Facial pain. That’s a symptom that migraine sufferers know all too well. It’s also what Dr. Sara Crystal completed her fellowship in at Montefiore Headache Center. Well, “headache and facial pain” to be exact.
When we asked her how she got on the “headache and facial pain” track, she told us about her time working as a physical therapist outside Chicago. “Working with patients after stroke and brain injury, and seeing how the brain recovers, fascinated me.”
It was that fascination that motivated her to go to medical school, complete a neurology residency, and start treating patients at the New York Headache Center. On top of that, she’s also Cove's Medical Director.
Here’s more about her background, in her own words:
What's your educational background?
I received my undergraduate degree in physical therapy (from the University of Illinois at Chicago). I worked for three years as a PT before starting medical school at Rush University in Chicago. I completed my neurology residency at NYU, serving as a chief resident, and then completed my fellowship in Headache at Montefiore/Albert Einstein.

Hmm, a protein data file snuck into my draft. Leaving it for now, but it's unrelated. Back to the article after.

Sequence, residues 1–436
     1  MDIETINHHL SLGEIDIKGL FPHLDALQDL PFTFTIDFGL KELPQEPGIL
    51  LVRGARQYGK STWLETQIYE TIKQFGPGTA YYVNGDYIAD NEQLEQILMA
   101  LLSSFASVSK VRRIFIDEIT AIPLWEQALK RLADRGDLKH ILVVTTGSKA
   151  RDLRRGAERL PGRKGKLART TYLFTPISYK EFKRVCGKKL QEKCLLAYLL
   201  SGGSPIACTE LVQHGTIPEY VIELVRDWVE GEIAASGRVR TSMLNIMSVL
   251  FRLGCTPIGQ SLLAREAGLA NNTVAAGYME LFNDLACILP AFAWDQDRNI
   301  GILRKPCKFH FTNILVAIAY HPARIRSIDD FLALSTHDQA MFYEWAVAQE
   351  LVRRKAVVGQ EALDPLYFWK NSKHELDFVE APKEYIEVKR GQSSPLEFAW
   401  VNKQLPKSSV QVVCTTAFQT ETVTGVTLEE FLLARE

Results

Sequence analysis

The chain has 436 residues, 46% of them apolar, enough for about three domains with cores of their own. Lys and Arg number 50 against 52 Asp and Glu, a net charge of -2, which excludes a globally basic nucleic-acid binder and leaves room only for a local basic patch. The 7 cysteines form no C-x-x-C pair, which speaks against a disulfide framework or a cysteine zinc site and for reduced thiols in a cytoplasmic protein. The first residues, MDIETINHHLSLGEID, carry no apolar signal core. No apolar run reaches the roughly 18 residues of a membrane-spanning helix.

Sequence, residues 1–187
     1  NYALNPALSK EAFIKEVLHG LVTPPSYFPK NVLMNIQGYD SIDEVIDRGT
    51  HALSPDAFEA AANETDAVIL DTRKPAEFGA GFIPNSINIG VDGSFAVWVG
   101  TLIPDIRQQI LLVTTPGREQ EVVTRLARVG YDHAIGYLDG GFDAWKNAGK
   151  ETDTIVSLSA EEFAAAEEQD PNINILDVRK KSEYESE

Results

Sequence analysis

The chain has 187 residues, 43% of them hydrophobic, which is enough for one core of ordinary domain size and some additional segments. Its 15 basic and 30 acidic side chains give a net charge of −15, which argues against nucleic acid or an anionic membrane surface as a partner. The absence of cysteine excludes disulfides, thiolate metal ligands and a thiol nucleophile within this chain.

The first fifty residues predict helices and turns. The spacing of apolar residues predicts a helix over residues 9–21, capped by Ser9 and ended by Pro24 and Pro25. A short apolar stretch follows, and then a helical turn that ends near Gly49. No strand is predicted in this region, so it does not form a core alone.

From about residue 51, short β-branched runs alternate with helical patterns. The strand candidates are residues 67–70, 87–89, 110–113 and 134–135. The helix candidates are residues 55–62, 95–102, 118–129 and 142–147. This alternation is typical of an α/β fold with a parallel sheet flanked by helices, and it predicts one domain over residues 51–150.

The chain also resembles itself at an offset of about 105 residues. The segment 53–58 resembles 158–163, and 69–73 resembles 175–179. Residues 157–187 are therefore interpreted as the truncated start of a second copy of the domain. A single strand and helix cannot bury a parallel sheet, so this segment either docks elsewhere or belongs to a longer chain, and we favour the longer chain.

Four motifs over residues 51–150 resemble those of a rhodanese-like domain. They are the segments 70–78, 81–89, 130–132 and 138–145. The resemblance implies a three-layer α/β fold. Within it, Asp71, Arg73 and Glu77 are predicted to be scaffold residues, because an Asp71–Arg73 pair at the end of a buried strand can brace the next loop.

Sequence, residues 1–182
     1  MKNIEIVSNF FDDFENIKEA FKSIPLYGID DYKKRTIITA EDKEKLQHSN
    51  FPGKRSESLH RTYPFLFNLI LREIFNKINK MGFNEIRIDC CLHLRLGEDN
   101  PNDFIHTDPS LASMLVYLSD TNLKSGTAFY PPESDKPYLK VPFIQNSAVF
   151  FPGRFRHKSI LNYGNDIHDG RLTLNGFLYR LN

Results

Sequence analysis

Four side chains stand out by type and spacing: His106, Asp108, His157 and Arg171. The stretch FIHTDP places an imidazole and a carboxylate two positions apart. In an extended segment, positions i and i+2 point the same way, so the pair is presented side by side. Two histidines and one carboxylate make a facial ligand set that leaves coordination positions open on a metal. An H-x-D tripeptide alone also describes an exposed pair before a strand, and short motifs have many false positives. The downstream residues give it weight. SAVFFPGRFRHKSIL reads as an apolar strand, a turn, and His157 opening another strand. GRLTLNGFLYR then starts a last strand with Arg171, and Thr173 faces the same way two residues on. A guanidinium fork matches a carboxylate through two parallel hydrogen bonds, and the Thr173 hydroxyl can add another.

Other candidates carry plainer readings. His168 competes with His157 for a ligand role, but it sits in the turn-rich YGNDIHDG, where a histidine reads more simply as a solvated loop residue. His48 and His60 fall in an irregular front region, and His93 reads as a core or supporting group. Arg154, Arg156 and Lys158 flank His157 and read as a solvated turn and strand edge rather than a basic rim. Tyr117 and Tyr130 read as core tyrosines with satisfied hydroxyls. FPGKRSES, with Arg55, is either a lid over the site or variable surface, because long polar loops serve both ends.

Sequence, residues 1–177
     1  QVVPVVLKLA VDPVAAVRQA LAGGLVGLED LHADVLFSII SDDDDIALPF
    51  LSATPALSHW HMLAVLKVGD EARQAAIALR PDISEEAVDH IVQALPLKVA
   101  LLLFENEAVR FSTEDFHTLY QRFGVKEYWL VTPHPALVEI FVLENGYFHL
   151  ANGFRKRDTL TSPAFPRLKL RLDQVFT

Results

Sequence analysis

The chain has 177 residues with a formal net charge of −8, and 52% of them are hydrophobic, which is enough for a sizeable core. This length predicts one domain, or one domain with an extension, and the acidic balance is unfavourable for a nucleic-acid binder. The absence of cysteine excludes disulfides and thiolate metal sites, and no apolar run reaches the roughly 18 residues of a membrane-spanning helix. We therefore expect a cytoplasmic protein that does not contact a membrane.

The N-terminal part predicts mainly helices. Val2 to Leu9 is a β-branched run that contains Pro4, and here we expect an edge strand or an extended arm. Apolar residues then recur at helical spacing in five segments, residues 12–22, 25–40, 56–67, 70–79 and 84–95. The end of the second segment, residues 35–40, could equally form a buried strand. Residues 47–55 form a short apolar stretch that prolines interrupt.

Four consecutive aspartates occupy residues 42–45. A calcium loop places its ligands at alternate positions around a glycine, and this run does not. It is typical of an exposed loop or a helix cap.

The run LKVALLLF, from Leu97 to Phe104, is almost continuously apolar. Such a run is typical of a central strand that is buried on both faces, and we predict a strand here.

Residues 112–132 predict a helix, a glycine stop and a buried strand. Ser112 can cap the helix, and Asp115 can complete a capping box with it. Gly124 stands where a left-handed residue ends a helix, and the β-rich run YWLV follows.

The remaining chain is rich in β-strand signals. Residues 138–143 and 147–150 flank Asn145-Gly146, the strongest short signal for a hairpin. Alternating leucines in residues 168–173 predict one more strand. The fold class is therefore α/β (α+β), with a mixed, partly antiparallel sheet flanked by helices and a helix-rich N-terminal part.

How did you get into neurology, headaches, and migraine?
My interest in neurology was sparked when I was working as a physicial therapist. Working with patients after stroke and brain injury, and seeing how the brain recovers, fascinated me. As a neurology resident, treating patients with headaches in my clinic was the most rewarding type of encounter, because many of these patients walked out with immediate relief.
What's the most interesting migraine fact?
Migraine can occur without head pain. This is called acephalgic migraine, also referred to as silent migraine.
What's the most common question you hear from patients?
“What is causing my headaches?”
How do you answer that?
“Blame your parents.” The cause of migraine is genetic, but triggers, which lower the threshold for developing an attack, vary from person to person.
What advice would you give someone who's experiencing migraine?
Try to learn about your personal triggers so you can minimize exposure, particularly when you are most vulnerable. Keeping a diary can be very helpful.
The information provided in this article is not a substitute for professional medical advice, diagnosis, or treatment. You should not rely upon the content provided in this article for specific medical advice. If you have any questions or concerns, please talk to your doctor.